The Ten Demands

The occupying students of Ford Hall made a list of ten demands that they wanted the University to agree to before they ended their January 1969 occupation. The students first announced their demands at a news conference in the Ford Hall office of Lathan Johnson, black student advisor, shortly after the students had taken control of the building. At the news conference, spokesmen Ricardo Millet ’68, GRAD, Ridgewood Residence Counselor, and Roy DeBerry ’70, Brandeis Afro-American Society President, read a prepared statement along with the ten demands which they said were non-negotiable. The spokesmen also called for a guarantee of complete amnesty for all those involved in the protest.

At 5:00 p.m. that same evening, some of the occupying students held a meeting in Mailman Hall to announce the reasons for the take over. Phyllis Raynor ’69, a representative of the Afro-American Society, again presented the group’s demands to let the white students on campus decide among themselves what kind of support they wished to offer.

Below are the ten demands as they appeared in the January 14, 1969 issue of The Justice (vol. 21 no. 14 page 9).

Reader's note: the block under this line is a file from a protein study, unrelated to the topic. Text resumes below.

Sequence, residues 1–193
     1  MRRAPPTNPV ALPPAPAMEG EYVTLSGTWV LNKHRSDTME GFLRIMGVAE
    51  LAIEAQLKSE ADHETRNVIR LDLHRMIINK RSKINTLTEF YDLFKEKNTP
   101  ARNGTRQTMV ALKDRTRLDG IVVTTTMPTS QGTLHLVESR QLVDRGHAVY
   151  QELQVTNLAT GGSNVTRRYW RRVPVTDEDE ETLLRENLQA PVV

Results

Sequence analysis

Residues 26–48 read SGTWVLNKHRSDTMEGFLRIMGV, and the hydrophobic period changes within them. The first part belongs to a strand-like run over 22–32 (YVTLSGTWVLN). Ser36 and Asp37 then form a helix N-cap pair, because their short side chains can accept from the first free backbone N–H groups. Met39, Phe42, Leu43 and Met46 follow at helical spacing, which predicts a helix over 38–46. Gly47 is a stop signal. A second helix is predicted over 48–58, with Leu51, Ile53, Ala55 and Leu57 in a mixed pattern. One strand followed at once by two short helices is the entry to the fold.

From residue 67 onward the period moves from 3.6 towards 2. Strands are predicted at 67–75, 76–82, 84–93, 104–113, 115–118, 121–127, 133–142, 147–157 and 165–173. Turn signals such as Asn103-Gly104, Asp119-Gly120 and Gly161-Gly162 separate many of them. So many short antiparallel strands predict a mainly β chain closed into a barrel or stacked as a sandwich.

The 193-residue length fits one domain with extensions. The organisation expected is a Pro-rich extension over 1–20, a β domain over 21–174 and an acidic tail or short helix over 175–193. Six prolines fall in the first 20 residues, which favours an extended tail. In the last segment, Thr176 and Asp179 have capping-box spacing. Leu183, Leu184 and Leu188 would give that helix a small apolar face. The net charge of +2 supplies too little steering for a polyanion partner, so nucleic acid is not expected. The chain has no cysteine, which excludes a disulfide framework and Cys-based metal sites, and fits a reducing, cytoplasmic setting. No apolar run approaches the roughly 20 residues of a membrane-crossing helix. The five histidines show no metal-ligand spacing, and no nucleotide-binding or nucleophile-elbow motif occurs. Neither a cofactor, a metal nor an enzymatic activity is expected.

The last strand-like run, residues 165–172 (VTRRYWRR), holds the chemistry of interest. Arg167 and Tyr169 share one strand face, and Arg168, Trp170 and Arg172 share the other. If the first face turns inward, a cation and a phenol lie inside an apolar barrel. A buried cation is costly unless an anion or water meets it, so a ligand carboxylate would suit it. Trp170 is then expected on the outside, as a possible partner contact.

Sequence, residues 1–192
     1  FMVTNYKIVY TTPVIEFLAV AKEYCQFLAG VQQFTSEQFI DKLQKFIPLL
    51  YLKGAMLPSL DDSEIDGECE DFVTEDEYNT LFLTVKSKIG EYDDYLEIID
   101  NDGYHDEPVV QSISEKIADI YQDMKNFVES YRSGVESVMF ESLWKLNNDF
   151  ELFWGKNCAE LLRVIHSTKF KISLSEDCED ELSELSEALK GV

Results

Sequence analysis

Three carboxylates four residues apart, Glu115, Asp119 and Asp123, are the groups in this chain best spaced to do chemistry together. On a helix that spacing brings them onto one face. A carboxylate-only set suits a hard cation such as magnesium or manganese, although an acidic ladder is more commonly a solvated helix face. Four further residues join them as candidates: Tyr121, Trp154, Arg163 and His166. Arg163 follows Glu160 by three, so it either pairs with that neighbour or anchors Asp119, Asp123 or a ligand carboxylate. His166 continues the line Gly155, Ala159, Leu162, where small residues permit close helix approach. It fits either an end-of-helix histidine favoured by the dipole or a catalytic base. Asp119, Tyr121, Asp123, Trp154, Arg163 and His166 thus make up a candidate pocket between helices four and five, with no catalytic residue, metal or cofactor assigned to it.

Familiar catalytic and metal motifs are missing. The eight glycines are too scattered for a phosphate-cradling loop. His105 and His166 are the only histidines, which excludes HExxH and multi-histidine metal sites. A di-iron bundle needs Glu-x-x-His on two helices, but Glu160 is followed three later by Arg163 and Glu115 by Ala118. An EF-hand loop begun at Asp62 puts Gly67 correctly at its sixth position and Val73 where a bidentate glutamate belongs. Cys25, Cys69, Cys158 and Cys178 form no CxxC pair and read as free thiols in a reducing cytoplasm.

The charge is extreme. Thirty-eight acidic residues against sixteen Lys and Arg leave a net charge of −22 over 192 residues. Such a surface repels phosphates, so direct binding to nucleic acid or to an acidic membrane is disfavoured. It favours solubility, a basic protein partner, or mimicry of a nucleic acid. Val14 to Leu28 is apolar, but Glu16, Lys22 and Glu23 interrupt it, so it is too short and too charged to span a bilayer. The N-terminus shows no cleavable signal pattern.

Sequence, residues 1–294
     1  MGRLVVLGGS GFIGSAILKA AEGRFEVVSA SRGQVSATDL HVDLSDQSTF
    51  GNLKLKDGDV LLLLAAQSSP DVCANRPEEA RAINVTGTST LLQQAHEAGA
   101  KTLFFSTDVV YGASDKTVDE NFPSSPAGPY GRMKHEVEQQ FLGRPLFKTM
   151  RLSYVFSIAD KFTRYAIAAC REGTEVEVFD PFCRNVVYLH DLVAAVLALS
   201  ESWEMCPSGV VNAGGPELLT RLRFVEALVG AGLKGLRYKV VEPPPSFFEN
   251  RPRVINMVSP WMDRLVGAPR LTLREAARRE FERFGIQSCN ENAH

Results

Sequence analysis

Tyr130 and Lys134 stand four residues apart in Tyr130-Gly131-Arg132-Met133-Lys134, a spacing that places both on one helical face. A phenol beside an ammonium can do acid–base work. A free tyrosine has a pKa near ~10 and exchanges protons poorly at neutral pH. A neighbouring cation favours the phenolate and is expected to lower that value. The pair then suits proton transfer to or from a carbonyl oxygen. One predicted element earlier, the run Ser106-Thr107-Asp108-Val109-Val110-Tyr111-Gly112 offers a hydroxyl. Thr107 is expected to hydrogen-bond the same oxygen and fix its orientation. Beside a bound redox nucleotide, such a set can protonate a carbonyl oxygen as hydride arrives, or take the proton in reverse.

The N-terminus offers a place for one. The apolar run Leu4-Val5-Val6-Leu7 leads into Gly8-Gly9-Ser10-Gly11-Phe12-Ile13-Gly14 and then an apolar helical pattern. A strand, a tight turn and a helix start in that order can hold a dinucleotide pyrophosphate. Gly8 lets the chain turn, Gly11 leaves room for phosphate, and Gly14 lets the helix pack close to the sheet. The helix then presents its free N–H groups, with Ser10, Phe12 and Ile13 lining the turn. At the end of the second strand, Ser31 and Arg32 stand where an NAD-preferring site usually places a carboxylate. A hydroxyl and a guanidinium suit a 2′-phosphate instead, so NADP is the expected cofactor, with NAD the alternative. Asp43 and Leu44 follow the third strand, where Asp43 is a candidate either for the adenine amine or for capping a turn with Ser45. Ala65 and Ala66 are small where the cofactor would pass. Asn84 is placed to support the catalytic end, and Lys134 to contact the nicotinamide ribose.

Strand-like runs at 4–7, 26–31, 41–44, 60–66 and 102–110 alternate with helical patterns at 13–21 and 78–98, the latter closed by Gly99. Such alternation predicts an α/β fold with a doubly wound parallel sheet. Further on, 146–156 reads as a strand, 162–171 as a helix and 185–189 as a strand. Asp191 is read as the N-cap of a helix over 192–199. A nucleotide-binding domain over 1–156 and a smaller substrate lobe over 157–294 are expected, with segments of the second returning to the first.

The Ten Demands

My name is Roy DeBerry from the Brandeis Afro-American Organization, and first of all I want to say that the black students and also the group here is in sympathy with the striking students at San Francisco State and also we support the Timilty coalition in Boston. Let me add that all students, faculty, and staff and administrators involved in the action that we have taken should get complete amnesty. The essentials of all the demands is that they must be controlled by black people and in the interests of the black community at Brandeis. Demands are non-negotiable and must be answered in black and white and with the appropriate signatories. The demands are as follows:

  1. An African Studies Department with the power to hire and fire. This means that the committee must have an independent budget of its own.

  2. Year-round recruitment of black students by black students and headed by a black director. The number of students in the TYP Program should be doubled next year and the administration should support and actively campaign for the necessary funds.

  3. There must be black directors for the Upward Bound and TYP Program.

  4. Immediate action on the part of the administration to have black professors added to the various departments.

  5. The establishment of an Afro-American center designed by black students.

  6. Written clarification of the position of TYP students within the University structure encompassing the areas of financial aid, admission to Brandeis, criteria for satisfactory work.

  7. Expulsion of a white student who shot a black student before the Christmas holiday.

  8. The brochure (for black student recruitment) must be accepted in its present form or only with changes accepted by black students. The brochure must be published immediately.

  9. Intensify the recruitment of African students in the Wien program.

  10. Ten Martin Luther King automatic full scholarships for on and off campus black students. This should include transportation from the TYP Program on up to graduation from the University.